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Lebanese Anti-Government Protests Turn Violent, Hundreds Injured

Police have fired volleys of tear gas and rubber bullets in Lebanon's capital to disperse thousands of protesters amid some of the worst rioting since demonstrations erupted three months ago.

More than 150 people were injured as thick white smoke covered the downtown Beirut area near the parliament.

Groups of young men hurled stones and firecrackers at police, who responded with water cannons and tear gas. Some protesters were seen vomiting on the street after inhaling the gas.

Saturday's clashes took place amid a rapidly worsening financial crisis and an ongoing impasse over the formation of a new government after the cabinet headed by Prime Minister Saad Hariri resigned in late October.

Riot police drag a protester into police barracks after anti-government protesters gathered to demand the release of arrested detainees in Beirut on January 15. Combination image: ANWAR AMRO/AFP via Getty

The protesters blame politicians for widespread corruption and mismanagement in a country that has accumulated one of the largest debt ratios in the world.

They had called for a demonstration on Saturday afternoon with the theme "we will not pay the price" in reference to debt that stands at about $US87 billion ($A127 billion), or more than 150 percent of GDP.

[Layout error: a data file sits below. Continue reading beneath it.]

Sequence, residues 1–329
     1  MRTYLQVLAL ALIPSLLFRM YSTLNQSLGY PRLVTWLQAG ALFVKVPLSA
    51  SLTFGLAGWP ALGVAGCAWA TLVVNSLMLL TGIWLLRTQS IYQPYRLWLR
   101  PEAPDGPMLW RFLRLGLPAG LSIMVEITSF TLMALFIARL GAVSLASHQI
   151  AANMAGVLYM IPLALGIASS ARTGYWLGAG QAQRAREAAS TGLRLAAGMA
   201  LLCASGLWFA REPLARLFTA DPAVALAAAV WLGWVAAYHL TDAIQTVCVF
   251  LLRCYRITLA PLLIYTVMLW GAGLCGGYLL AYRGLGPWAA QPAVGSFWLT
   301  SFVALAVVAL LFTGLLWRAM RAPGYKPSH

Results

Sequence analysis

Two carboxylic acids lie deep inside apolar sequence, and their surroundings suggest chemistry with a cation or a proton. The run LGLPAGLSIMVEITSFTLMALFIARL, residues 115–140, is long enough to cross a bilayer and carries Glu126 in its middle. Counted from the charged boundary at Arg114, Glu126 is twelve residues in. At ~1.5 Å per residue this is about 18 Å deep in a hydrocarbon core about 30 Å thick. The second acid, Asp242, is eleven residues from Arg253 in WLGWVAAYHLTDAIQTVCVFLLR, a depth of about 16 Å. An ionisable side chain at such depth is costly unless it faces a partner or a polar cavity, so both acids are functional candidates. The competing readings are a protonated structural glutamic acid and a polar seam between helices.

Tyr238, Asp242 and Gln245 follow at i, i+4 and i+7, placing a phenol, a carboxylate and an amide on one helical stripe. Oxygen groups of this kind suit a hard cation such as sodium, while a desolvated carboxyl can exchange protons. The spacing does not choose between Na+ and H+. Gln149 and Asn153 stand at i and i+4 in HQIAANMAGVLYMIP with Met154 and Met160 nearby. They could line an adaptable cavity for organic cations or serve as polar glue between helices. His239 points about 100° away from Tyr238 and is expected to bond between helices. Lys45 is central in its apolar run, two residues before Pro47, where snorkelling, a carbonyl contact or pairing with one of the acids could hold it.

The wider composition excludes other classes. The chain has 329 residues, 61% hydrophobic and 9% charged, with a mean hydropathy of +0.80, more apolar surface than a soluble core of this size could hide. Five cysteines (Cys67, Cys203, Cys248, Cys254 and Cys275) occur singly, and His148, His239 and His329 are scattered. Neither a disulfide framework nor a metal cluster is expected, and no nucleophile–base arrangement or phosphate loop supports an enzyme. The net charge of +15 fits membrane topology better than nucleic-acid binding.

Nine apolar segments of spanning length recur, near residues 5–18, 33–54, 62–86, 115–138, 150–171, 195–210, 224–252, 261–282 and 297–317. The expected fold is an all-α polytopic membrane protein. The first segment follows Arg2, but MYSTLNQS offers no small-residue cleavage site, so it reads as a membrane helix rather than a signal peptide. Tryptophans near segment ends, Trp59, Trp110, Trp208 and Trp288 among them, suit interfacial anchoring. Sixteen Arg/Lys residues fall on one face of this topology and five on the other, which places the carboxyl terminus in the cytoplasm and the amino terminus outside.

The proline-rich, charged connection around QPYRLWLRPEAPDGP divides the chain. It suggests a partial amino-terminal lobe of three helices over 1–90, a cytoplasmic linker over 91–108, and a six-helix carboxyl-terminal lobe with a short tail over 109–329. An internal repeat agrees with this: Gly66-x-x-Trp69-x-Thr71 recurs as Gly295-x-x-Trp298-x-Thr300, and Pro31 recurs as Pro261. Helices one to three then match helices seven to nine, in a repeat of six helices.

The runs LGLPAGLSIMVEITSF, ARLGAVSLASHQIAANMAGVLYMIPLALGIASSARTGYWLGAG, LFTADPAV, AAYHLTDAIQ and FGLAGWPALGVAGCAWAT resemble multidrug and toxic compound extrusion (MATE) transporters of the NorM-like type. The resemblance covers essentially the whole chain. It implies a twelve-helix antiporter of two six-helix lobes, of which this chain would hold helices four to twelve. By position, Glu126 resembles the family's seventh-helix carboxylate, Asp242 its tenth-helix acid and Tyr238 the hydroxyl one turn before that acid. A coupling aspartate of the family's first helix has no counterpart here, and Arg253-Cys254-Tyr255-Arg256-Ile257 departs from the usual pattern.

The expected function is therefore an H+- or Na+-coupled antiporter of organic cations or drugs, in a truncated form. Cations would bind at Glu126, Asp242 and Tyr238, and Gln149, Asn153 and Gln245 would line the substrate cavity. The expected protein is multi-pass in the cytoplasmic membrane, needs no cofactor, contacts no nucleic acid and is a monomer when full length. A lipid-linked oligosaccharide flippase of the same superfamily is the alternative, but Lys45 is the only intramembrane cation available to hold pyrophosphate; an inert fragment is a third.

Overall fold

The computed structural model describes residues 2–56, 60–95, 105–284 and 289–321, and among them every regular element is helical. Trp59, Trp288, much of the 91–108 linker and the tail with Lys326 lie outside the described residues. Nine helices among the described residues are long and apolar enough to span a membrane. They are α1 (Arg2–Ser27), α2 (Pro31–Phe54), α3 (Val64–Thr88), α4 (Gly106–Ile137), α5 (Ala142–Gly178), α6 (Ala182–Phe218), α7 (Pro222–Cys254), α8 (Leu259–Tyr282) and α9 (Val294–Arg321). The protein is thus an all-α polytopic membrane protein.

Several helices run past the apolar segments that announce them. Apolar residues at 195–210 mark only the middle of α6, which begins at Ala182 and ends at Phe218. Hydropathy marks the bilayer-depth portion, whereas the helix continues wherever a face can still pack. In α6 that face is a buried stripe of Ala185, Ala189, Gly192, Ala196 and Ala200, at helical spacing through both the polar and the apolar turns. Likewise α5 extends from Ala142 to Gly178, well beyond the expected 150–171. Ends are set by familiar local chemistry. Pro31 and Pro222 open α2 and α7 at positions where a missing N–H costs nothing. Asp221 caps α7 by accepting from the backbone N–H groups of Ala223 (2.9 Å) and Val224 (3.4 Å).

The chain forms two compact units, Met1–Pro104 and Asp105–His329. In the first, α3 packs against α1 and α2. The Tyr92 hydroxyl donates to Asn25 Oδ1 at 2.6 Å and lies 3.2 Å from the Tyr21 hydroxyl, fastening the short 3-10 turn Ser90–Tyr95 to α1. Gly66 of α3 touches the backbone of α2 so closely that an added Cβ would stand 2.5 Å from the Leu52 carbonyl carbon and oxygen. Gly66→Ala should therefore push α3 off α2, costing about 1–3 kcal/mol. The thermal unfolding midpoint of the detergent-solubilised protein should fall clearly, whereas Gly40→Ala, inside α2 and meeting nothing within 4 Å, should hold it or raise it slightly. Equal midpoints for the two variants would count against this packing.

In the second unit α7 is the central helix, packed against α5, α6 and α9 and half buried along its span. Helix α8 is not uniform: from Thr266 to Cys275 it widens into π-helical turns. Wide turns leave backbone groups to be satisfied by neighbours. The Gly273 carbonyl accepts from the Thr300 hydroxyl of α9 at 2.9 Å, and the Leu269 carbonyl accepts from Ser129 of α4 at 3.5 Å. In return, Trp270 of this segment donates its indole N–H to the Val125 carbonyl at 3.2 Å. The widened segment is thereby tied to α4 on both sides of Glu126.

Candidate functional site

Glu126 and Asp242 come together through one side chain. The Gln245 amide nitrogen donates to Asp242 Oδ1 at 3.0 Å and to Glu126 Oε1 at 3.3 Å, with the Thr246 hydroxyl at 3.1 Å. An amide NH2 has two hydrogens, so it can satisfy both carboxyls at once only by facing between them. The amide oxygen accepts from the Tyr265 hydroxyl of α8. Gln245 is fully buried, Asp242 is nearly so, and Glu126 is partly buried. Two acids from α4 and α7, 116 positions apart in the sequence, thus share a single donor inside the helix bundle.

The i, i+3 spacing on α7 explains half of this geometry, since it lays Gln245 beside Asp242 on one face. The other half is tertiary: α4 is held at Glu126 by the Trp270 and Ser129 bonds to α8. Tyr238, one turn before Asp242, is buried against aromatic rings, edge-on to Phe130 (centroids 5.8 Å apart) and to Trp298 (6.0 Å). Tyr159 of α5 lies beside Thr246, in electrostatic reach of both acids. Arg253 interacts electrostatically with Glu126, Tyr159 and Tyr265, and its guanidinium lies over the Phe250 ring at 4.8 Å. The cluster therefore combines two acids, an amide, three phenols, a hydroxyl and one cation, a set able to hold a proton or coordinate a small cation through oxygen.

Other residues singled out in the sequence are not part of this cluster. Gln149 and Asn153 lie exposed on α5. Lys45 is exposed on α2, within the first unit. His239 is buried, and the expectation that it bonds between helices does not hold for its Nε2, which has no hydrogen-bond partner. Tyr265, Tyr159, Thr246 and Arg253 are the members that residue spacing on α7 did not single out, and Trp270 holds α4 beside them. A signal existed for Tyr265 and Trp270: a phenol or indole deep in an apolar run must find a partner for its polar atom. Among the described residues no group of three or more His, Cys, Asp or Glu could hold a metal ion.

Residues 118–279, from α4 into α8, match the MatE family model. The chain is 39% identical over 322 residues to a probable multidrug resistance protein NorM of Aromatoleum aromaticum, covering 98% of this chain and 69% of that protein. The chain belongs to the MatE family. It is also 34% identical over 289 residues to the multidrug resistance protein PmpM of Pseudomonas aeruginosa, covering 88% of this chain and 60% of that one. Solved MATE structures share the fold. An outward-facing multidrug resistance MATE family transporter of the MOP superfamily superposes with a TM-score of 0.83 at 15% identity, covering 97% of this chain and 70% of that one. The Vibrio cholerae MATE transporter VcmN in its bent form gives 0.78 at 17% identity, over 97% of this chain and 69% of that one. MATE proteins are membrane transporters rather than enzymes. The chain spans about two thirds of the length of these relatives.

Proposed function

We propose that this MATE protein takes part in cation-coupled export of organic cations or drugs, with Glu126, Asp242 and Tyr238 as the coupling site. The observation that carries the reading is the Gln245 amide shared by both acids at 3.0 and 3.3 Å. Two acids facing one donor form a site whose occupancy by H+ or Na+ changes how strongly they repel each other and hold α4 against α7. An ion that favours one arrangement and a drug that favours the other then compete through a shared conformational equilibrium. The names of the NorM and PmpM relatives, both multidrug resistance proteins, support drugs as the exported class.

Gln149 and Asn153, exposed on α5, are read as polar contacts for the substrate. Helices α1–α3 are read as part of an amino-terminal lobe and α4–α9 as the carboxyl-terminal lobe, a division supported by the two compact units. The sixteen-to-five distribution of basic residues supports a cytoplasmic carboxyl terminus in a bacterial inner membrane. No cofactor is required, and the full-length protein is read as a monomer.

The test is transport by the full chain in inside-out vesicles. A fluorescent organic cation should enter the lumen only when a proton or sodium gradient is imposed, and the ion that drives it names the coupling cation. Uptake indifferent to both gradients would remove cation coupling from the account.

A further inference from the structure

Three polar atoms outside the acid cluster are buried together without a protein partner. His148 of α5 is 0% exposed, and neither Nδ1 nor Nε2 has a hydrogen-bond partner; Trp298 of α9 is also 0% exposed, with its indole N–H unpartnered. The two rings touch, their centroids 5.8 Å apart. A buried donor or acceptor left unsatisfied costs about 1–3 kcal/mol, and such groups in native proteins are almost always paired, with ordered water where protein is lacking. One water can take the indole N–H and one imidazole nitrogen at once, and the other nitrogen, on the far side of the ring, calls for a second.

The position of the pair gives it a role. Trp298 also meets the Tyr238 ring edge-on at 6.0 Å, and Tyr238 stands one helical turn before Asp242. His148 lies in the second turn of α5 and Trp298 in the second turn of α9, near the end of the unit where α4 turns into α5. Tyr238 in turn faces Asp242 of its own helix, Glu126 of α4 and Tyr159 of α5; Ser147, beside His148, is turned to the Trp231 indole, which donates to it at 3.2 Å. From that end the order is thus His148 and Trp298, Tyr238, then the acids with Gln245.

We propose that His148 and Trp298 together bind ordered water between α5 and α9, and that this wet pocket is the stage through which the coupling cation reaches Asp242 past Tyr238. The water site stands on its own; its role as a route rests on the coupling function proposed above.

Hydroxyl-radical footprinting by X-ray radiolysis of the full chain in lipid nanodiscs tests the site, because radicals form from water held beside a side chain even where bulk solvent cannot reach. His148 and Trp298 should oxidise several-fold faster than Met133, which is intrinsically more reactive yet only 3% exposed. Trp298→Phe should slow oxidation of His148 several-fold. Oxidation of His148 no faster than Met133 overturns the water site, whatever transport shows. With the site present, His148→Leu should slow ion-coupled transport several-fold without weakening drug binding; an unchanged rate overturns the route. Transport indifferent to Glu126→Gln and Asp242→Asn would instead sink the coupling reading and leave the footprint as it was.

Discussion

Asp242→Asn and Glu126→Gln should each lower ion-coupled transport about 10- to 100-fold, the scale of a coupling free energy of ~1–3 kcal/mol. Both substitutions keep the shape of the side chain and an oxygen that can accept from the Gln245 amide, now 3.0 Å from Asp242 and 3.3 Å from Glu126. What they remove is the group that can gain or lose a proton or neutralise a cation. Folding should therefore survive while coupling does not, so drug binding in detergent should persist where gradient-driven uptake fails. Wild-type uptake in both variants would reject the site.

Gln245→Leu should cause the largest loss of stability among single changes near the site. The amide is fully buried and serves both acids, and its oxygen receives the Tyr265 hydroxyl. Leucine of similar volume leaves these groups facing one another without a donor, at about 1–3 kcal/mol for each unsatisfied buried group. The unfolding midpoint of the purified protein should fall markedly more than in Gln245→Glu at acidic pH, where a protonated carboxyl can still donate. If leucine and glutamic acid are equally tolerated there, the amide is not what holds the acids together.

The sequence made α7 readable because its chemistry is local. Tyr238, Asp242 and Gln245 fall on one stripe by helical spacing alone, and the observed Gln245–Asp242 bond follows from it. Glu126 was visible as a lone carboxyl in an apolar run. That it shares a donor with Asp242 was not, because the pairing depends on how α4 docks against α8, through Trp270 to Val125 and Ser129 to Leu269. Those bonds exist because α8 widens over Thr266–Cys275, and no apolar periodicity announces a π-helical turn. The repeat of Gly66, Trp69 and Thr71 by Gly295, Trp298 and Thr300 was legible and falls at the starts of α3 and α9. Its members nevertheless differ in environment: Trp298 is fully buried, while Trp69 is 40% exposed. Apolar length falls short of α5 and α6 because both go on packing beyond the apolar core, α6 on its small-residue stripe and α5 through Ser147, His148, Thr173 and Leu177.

President Michel Aoun called on security forces to protect peaceful protesters and work on restoring calm in downtown Beirut and to protect public and private property. He asked the ministers of defence and interior, and the heads of security agencies to act.

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Hariri, the caretaker prime minister, called those behind the riots "outlaws" and called on police and armed forces to protect Beirut.

"The confrontations, fires and acts of sabotage in central Beirut are crazy, suspicious and rejected," tweeted Hariri, who lives near to where the unrest erupted. "They threaten civil peace and warn of grave consequences."

The Lebanese Red Cross said it took 65 people to hospitals and treated 100 others on the spot, urging people to donate blood.